robots and a human working on laptops reflecting increase demand for artificial intelligence in travel industry

We are currently amidst the bleakest period the travel industry has ever experienced.

NB: This is an article from Innovation & Tech Today

There continues to be tremendous pressure on the entire travel supply chain to reduce operating costs and labor while demand remains devastatingly low. Even with the positive progress on vaccines and stimulus, this cost control pressure will not subside for the foreseeable future. There is an industry-wide need to provide an easier travel planning experience that is not labor-intensive.

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Answers may lie in Natural Language Processing (NLP). NLP is a subfield of artificial intelligence focused on the processing and analysis of both spoken and written languages. An NLP application could provide the mechanism for planning and booking a full travel experience. Only with exceptions and errors being sent to an experienced travel agent for analysis and discussion.

NLP technology is not new. Grammar checkers, autocorrection engines, and email spam filters using NLP have been mainstays for years.  Voice assistants, such as Alexa and Siri, are also examples of NLP coupled with speech recognition technology. Like Uber and Disney, each of these solutions has changed our behavioral norms, many of which we now take for granted. NLP provides both the strategic direction and a means to change the traveler booking experience permanently.

In 2020, major milestones were achieved in NLP. Microsoft, Google, and OpenAI all made significant progress this past year with understanding and interpreting conversational language. Natural Language Processing has recently shown the ability to correctly complete sentences, summarize documents, and provide direct answers to complex questions. Just this fall, OpenAI’s GPT-3 language generator platform wrote a 500-word op-ed to convince all of us that robots really do come in peace.

Here are a few areas where NLP could significantly change the travel planning experience.

Agent assist for complex itineraries

For the more challenging travel planning, NLP could assist experienced travel agents, reducing the time, errors, and cost associated with planning.

Take, for example, a multi-country European business trip that includes air, rail, ground, and lodging, each with negotiated corporate rates. NLP could support the agent by listening to the conversation and recognizing key search parameters, like destination, date, and preferences. The agent would receive relevant search responses and options, with any corporate travel policy applied. This reduces time and removes any data entry errors. It also allows the agent to focus their energy on making recommendations and recognizing either risks or better alternatives within an itinerary.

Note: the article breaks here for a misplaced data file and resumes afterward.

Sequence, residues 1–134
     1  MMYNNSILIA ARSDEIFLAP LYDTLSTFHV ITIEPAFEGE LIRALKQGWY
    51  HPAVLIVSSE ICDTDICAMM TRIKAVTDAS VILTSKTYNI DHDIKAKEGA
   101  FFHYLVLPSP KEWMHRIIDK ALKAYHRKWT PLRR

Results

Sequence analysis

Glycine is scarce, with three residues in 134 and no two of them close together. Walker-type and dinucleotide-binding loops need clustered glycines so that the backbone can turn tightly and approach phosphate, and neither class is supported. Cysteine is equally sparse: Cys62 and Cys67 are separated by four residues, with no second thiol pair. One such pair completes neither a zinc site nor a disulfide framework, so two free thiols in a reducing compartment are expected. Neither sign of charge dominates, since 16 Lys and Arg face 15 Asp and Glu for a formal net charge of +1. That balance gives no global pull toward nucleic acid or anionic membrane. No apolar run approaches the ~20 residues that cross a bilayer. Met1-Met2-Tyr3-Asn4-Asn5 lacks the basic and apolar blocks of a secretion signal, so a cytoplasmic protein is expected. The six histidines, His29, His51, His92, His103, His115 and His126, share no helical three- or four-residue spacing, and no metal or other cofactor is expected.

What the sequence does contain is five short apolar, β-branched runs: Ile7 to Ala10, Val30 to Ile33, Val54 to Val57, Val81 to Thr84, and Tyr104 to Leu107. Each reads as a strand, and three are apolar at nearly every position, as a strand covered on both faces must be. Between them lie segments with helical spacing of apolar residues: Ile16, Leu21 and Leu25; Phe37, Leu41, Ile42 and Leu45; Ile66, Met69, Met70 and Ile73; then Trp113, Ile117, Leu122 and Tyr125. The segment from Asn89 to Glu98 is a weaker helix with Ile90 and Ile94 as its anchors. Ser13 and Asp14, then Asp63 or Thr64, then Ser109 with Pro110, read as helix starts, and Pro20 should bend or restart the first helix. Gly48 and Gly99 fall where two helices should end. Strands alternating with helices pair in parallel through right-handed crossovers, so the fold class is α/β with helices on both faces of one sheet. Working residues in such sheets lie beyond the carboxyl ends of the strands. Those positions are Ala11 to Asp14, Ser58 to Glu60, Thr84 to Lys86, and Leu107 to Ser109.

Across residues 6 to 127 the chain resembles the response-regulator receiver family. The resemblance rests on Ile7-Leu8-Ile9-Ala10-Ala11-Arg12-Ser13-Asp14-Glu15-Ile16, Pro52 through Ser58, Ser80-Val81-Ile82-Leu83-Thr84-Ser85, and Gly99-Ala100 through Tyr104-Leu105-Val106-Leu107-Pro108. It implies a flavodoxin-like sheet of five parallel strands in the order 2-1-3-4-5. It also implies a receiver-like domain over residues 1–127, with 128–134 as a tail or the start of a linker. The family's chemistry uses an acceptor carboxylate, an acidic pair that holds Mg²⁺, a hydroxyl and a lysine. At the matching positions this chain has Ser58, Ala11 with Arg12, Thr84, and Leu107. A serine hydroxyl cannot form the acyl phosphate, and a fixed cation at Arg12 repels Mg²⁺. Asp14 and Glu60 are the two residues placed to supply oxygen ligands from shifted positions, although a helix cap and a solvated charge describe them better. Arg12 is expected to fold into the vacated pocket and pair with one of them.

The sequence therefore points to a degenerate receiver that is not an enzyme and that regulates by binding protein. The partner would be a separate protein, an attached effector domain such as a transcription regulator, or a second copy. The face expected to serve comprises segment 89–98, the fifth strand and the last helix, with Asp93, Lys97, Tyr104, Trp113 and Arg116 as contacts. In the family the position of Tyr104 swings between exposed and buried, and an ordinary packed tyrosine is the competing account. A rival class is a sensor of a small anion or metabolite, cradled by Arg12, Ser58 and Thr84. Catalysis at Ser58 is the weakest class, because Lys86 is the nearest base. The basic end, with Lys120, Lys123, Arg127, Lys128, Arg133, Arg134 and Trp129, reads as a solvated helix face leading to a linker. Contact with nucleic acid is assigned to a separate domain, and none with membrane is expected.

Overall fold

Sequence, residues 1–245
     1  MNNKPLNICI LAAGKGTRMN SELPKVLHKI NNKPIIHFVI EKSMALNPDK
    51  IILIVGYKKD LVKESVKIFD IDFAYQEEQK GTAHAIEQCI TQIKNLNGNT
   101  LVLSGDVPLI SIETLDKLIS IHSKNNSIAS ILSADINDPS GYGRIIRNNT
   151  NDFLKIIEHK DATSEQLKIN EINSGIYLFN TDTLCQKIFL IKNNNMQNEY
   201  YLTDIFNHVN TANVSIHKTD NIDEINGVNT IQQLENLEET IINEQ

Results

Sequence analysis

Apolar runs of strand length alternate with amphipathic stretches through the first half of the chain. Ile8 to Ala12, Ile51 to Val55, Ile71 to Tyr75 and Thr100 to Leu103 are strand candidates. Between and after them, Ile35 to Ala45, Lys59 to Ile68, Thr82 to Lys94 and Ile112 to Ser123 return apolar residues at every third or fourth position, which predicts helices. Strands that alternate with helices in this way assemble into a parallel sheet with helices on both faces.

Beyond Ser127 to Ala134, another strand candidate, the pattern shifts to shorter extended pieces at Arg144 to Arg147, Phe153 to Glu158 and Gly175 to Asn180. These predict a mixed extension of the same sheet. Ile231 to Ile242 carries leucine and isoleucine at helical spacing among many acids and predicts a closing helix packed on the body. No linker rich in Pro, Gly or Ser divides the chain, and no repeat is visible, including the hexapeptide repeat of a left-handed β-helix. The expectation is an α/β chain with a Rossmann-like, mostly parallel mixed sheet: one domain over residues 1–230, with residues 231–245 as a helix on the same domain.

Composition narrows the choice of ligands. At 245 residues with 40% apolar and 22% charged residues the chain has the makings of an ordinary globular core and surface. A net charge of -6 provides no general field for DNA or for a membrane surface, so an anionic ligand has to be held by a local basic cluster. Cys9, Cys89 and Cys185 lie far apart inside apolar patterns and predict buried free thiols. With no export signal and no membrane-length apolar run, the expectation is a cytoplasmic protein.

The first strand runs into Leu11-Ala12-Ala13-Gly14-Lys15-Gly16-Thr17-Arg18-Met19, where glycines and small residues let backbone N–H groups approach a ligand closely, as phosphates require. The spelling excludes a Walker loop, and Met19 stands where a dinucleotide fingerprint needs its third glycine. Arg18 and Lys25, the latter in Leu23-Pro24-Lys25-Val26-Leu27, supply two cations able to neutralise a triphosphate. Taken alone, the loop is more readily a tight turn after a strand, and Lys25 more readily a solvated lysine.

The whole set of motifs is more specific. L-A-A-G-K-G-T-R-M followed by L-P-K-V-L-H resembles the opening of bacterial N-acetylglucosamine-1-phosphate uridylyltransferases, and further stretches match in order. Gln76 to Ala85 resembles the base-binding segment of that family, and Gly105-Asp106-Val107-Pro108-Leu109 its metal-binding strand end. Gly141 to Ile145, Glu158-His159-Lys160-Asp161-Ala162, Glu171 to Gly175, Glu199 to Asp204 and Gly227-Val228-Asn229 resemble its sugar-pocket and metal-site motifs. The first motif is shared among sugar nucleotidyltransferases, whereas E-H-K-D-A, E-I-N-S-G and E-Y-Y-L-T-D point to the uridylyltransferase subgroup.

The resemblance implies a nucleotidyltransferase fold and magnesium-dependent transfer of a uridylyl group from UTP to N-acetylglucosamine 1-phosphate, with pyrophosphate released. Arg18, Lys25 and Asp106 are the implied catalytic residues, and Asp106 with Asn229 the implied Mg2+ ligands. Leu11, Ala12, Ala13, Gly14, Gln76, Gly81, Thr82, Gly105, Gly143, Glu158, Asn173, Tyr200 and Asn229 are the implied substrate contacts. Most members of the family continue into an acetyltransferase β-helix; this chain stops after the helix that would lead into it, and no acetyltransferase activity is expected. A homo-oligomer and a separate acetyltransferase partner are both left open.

Conversational chatbots for planning

Conversational chatbots have been used in many customer service industries, but they are not pervasive within travel planning websites.

There are already great travel research and review websites, such as TripAdvisor and Yelp, for determining what experiences are available within a specific city. But they do not include a conversational aspect. With NLP’s prediction modeling capabilities, the conversational chatbot could inspire a unique experience during the travel planning process.

For this example, take a leisure traveler thinking about a Caribbean vacation. Within the initial dialogue, an NLP-enabled chatbot could offer up the typical questions a travel agent would ask regarding this region of the world, such as interests in activities like SCUBA or snorkeling, culinary interests, or cultural attractions. By just asking one or two probing questions, the chatbot could inspire new ideas or interests.

Say I am interested in snorkeling, but not SCUBA. The chatbot could ask a simple follow-up question, “Why not SCUBA?” My answer may be that I have never been trained. With this input, the chatbot could then suggest that I easily get certified on the same vacation with just a few hours of training my first two days, including my first dive.

Take this single example and now multiply it across every choice made during vacation planning. While many decisions may lead back to the originally stated desire, the opportunity to prompt thought around new and unexpected experiences can make vacation planning more inspirational.

Read the rest of the article at Innovation & Tech Today